AB: Double figures have been an important subject in Kentridge’s work, ever since his film “Stereoscope”. When two pictures show the same thing, there will be doubling, division and, ideally, integration. The double image in the stereoscope creates a new spatial dimension. If there is a breakage line between two perspectives of one thing or one person, the effect can be either creative or destructive. When both perspectives exclude each other, alienation occurs, also as a political dimension.

RK: Kentridge likes to play with films running backwards. A torn book, a smashed bottle putting itself back together again. Would you say that according to your definition, this is more destructive or more creative?

AB: These backwards films? They are magic.

RK: What does that mean?

AB: In one “Drawing Lesson”, he tells us that his eight-year-old son is allowed to paint in the studio, to spread everything out, open all the pots of paint, take out all the brushes and spread the paints on the walls, while Kentridge films him doing this. They watch the film backwards. The brushes go back to their tins, the paint goes back into its pot, walls and clothes become clean again – and the son says: “Cool, can we do that again?”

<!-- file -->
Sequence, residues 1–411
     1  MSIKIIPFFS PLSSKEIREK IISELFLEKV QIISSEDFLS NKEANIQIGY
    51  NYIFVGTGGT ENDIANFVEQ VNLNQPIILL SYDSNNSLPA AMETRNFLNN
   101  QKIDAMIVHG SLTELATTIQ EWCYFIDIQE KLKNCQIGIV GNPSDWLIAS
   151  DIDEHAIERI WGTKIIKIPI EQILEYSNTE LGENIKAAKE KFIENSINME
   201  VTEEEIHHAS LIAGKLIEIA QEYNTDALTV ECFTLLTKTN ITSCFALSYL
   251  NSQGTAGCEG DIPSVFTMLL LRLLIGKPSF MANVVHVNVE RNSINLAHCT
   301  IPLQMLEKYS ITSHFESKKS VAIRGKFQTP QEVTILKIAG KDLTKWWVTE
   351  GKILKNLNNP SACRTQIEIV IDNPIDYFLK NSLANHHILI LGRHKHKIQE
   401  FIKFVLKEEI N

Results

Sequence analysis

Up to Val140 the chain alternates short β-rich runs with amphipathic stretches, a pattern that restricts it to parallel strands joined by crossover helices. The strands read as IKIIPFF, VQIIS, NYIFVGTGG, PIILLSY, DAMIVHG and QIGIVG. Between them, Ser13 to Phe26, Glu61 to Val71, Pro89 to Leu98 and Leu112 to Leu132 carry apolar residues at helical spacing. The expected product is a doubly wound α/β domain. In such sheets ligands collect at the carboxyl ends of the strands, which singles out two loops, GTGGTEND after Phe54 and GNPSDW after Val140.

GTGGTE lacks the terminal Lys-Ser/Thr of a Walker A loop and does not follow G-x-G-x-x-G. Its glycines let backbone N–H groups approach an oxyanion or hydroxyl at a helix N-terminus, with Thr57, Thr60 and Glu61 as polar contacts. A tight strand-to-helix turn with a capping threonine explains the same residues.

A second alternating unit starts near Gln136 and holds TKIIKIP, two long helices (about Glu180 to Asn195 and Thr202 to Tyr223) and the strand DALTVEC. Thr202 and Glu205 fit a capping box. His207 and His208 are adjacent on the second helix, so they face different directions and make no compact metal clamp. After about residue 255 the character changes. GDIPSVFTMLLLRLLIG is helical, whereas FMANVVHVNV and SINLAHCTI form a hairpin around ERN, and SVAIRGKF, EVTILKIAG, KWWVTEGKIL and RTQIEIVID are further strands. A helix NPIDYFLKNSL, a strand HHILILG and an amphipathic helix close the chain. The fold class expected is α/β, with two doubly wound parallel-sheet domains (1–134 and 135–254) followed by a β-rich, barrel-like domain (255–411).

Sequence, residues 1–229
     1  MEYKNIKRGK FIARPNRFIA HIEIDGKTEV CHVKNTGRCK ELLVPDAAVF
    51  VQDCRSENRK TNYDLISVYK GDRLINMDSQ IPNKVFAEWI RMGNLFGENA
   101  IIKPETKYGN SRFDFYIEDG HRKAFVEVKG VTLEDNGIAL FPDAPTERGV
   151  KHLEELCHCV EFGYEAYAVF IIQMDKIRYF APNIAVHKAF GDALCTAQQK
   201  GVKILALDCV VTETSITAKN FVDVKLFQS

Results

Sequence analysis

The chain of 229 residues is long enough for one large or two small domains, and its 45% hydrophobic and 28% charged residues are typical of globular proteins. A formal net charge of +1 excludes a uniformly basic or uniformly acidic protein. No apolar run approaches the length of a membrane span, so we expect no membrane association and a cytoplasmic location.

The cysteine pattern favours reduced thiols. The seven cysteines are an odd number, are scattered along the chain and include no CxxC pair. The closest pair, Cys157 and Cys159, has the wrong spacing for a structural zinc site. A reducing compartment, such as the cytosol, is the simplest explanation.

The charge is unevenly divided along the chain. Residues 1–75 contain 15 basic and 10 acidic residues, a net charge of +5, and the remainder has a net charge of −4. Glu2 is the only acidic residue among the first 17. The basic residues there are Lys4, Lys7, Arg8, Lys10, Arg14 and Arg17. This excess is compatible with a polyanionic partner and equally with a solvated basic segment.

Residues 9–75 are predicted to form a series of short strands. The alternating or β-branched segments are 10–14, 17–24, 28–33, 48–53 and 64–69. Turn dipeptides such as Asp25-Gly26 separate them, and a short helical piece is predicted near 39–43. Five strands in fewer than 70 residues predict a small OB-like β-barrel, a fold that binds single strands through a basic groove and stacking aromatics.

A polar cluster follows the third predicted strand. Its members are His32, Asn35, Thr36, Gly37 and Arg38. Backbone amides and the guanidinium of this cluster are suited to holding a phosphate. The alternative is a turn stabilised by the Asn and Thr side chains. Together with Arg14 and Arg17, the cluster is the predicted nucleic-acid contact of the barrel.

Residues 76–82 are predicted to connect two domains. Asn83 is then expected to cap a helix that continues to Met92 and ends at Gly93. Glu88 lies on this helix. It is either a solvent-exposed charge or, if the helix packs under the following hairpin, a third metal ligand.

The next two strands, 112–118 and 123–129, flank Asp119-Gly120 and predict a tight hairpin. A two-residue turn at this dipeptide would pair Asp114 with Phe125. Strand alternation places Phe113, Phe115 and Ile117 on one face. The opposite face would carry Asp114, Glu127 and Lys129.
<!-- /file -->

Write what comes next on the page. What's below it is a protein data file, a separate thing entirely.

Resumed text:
RK: “But first, we have to clean the studio!” (laughs) He’s done this many times before, for instance with soap bubbles. He smashes a bottle and soap bubbles come out. When the film runs backwards, the bottle puts itself together again.

AB: On film it is entropy in reverse. But life doesn’t work that way. Things are a burden and don’t clear themselves away. In other films that show processions, there are people carrying their entire households on their backs.

RK: In Cape Town, I once saw a woman in the street who had tied a huge chest of drawers onto her own back. Or in Kinshasa, families take turns to carry their war invalids who have no wheelchairs on their backs. Kentridge’s processions are no pure fiction, but an artistic elevation of reality.

AB: Carrying your belongings, your pictures, your family members on your back is the deepest form of existential uncertainty a person can feel and it is always present in Kentridge’s work: flight, migration, the foreign land. At the centre of the images he chooses, there is always the uncertainty of life, too.